Founded in 2009 by husband and wife team Chris and Sarah Pittinger, Gros Ventre Cellars has been over 20 years in the making. After college, Chris spent several years tasting and selling mostly European wines in shops and restaurants as a sommelier, which shaped his palate and lead him towards wine production. Starting in 2003, he began working at several notable wineries including Torbreck, Williams-Selyem, and Marcassin. Chris is also the full-time winemaker for Skinner Vineyards, one of the Sierra Nevada Foothill’s most notable estates. Through his work both at Skinner and Gros Ventre, Chris was named one of the San Francisco Chronicle’s 2013 Winemakers to Watch by Jon Bonné.
In the winery, minimal handling and intervention is the goal. The wine’s evolution includes native fermentation, gentle punch downs, no extended maceration, no lees stirring, no additives outside of minimal sulfur and yeast nutrients, and no fining or filtration. Depending on the vintage, the wine typically ages for 11 months on its lees in a maximum of 25% new French oak (with the exception of the First Born cuvee).
Gros Ventre’s production centers around Pinot Noir grown in cool, coastal sites, all of which are farmed by hands-on growers focused on sustainability. Cerise Vineyard is biodynamic, and the others are non-certified organic or sustainable. They prefer sourcing from coastal sites that have the right combination of sea, wind, fog, sun, and soil. Close proximity to the ocean and fog helps keep temperatures mild, alcohols moderate, and acids in balance, while high elevations (700 – 1,100 feet) allow for optimal exposure to sun and wind during the growing season.
“2013 Winemaker to Watch” – Jon Bonné of the San Francisco Chronicle
High Country Red
Varietal: Pinot Noir, Gamay
Farming Practice: Sustainable
Sustainable. 73% Pinot Noir, 27% Gamay. Gamay is sourced from Barsotti Vyd in El Dorado AVA and Pinot Noir comes from Cerise Vyd in Anderson Valley and Grande Vyd in El Dorado. Gamay was part destemmed and part whole cluster. Pinot was destemmed and given a 3 day cold soak. Native fermentation for both (separate) in stainless steel with very little extraction (only 1 punch down per day) and aged in neutral 225 liter barrels. This is inspired by the Burgundian tradition of Passetoutgrain where Gamay and Pinot Noir were mixed together to make a highly drinkable, everyday wine.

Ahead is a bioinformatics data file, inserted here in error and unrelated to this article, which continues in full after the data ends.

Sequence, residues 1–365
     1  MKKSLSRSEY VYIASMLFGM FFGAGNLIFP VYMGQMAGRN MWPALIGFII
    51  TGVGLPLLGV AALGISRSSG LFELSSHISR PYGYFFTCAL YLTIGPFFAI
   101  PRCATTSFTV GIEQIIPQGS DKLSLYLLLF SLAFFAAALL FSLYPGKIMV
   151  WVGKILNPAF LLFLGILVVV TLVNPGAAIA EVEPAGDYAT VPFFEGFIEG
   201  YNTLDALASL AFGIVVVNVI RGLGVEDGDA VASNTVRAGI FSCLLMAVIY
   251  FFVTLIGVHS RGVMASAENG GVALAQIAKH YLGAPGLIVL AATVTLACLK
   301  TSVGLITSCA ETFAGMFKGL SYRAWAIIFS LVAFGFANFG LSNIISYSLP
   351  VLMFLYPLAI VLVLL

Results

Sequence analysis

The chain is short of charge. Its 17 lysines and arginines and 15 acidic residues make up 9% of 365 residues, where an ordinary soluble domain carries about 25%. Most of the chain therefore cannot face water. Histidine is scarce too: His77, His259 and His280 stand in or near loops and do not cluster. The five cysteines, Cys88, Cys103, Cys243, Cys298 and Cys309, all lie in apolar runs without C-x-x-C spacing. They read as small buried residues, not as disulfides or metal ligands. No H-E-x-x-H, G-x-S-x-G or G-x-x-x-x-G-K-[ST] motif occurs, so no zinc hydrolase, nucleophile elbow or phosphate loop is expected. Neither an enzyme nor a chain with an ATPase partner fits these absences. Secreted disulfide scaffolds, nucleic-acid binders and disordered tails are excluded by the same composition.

High Country White
Varietal: Chenin Blanc, Vermentino, Semillon, Muscat Canelli, Picpoul Blanc
Sustainable. 54% Chenin Blanc, 22% Vermentino, 21% Semillon, 2% Muscat Canelli, 1% Picpoul. Everything except the Chenin (which comes from Clarksburg) is sourced from the Sierra Nevada Foothills. Picked at low brix, hand harvested, and gently pressed. Spontaneous fermentation in stainless steel and aged in neutral oak on the fine lees. Bottled the summer after harvest. 300 cs produced.
Pinot Noir Sonoma Coast
Varietal: Pinot Noir
Farming Practice: Sustainable
Sustainable. Sourced from three vineyards situated within the West Sonoma Coast (50% Campbell Ranch, 25% Baranoff, 25% Undisclosed). Blend of eight different clones ranging from Heritage selections like Calera and Swan, to Dijon clones such as 777, 459 & 115. It spends 10 months on its lees in French oak barrels prior to being blended and bottled. Gentle punchdowns & no extended maceration. No lees stirring. Minimal SO2 added before bottling. Aged in 8% new French oak for 10 months. Unfined & unfiltered. 282 cs produced.
Vermentino El Dorado
80% Vermentino, 20% Picpoul. Sourced from Barsotti vineyard which sits on granitic soils at an altitude of 2600 feet on the edge of the American River Canyon high in the Sierra Foothills. Grapes are harvested, pressed, and allowed to spontaneously ferment in temp control stainless steel. After fermentation the wine is aged in steel with a portion going into neutral oak. 115 cs produced.